blank image blank image blank image

 
Published online 16 May 2014
Effects of grazing on crop crown temperature: implications for phenology 
Matthew T. Harrison, Walter M. Kelman and Jim M. Virgona

Temperature is a fundamental driver of crop development, which has important implications for dry matter partitioning, the timing of flowering and grain yield. Although defoliation initially delays crop ontogeny, elevated microclimatic temperatures of up to 6–7°C significantly enhance post-defoliation development rates as the growing season progresses from winter into spring, mitigating the extent of the delay by anthesis. These results will be useful in designing experiments that propose using grazing or defoliation to manipulate crop flowering time and in interpreting the implications of defoliation on phenology and grain yield.

blank image
 
  
blank image

blank image blank image blank image

 
Published online 14 April 2014
Trifolium interspecific hybridisation: widening the white clover gene pool 
W. M. Williams

White clover is the best available forage legume for grazed pastures in temperate zones, but it is not stress resistant and cannot grow in semi-arid, low fertility soils. Several closely related wild clover species are adapted to stressful environments and, although none of these cross naturally with white clover, successful use of tissue culture techniques and genetic bridges has enabled eleven forms of them to be hybridised with white clover. These inter-species hybrids are being used by plant breeders to select resilient new clovers for future-proofing legume-based pastures and expanding them into marginal zones.

blank image
 
  
blank image

blank image blank image blank image

 
Published online 24 March 2014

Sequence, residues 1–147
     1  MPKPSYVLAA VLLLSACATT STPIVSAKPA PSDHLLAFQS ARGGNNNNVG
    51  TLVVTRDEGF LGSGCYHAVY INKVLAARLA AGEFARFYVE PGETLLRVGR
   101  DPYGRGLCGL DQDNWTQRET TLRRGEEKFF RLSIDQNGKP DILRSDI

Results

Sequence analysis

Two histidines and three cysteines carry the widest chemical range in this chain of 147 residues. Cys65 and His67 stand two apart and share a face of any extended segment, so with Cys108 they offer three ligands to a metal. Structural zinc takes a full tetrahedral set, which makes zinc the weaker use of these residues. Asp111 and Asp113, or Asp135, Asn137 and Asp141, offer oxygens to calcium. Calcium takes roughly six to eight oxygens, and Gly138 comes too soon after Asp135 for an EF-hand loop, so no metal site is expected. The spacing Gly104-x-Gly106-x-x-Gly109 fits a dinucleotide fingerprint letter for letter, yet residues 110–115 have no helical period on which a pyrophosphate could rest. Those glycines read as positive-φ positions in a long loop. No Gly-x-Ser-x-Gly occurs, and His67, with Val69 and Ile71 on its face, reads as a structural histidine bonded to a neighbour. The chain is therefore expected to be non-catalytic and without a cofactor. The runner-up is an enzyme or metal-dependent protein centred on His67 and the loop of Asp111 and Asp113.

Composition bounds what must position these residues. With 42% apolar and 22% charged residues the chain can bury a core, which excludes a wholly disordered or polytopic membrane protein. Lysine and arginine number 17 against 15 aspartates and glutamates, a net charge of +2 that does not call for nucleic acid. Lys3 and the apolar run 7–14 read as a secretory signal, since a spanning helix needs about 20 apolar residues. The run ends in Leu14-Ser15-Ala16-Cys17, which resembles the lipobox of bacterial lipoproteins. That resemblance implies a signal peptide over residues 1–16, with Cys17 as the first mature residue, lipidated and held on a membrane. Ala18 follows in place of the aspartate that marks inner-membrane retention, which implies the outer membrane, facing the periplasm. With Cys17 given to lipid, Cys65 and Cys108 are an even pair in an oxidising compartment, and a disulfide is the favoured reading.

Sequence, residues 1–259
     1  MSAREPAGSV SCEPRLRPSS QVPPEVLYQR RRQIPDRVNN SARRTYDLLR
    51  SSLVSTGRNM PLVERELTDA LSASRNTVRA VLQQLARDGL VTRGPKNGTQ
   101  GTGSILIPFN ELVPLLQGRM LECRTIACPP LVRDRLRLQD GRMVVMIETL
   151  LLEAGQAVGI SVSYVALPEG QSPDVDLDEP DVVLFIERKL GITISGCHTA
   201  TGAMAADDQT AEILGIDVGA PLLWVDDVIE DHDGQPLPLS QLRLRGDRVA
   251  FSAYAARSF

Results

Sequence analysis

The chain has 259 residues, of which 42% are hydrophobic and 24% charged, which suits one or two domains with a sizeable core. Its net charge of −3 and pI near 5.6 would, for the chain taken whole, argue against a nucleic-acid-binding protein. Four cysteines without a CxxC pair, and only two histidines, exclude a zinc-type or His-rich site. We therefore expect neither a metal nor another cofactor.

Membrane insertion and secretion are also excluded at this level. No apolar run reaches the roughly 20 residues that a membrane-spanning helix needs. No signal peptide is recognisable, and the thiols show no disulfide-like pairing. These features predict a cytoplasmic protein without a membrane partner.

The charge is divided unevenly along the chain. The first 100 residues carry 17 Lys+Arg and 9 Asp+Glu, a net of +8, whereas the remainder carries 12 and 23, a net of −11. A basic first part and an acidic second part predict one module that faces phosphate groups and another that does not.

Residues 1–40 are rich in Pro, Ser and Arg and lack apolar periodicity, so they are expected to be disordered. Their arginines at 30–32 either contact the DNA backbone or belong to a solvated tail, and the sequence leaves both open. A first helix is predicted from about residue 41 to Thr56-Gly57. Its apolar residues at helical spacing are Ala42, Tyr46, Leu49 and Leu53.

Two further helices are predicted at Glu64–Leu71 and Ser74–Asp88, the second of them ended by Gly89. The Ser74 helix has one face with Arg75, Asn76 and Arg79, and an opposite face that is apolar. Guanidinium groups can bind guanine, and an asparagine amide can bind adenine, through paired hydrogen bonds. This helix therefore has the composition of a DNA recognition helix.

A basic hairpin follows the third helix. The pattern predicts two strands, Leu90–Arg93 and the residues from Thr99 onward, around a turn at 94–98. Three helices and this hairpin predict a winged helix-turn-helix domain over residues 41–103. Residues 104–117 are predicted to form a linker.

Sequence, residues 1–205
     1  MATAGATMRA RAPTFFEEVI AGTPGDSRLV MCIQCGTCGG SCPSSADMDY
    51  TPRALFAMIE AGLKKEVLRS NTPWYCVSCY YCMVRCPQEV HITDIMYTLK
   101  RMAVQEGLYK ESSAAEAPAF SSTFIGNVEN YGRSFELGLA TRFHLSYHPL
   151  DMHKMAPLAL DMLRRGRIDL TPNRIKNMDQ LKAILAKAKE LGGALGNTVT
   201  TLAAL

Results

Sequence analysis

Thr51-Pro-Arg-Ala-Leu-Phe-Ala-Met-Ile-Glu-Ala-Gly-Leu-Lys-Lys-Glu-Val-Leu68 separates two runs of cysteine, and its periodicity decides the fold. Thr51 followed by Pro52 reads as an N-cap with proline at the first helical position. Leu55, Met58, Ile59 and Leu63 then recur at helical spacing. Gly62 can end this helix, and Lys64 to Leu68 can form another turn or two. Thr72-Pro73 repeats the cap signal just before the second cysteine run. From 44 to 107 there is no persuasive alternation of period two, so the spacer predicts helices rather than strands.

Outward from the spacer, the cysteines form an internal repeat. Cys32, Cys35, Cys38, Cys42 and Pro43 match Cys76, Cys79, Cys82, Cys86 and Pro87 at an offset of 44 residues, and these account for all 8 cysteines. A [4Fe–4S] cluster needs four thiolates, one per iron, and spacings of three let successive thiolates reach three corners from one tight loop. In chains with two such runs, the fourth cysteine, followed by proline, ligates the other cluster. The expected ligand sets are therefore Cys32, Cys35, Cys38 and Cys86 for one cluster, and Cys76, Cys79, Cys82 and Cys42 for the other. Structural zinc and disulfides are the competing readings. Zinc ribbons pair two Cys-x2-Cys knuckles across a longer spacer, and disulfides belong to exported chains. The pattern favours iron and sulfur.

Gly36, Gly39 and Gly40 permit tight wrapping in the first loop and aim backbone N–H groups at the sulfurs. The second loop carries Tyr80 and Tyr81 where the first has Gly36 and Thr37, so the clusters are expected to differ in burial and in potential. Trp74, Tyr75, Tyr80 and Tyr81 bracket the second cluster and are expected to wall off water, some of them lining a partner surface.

Progress towards developing bloat-safe legumes for the farming industry 
Kerry Hancock, Vern Collette, Elisabeth Chapman, Katherine Hanson, Stephen Temple, Roger Moraga and John Caradus

Forage legumes, such as lucerne and white clover, lack foliar proanthocyanidins which leads to bloat, an often lethal condition costing the pastoral industry significant loss of earnings. By overexpressing an R2R3-MYB gene in these species, leaf PA accumulation is achieved; however, additional MYB genes involved in PA regulation have also been identified. Progress towards producing commercial cultivars of both species containing effective levels of PAs has begun as a viable option for mitigating bloat in pastoral agriculture-based farming systems.

blank image
 
  
blank image

blank image blank image blank image

 
Published online 19 March 2014
Breeding red clover for improved persistence in Chile: a review 
Fernando Ortega, Leonardo Parra and Andrés Quiroz

Red clover is an important forage legume around the world. However, its main limitation is the lack of persistence of forage yield due to the low survival of plants. To improve this complex character in our breeding program, we have conducted five cycles of recurrent selection, using a modified among and within half-family methodology. The average realised genetic gain for forage yield has been 0.4–2.6% per year, depending on location, showing the effectiveness of the breeding methodology and approach used.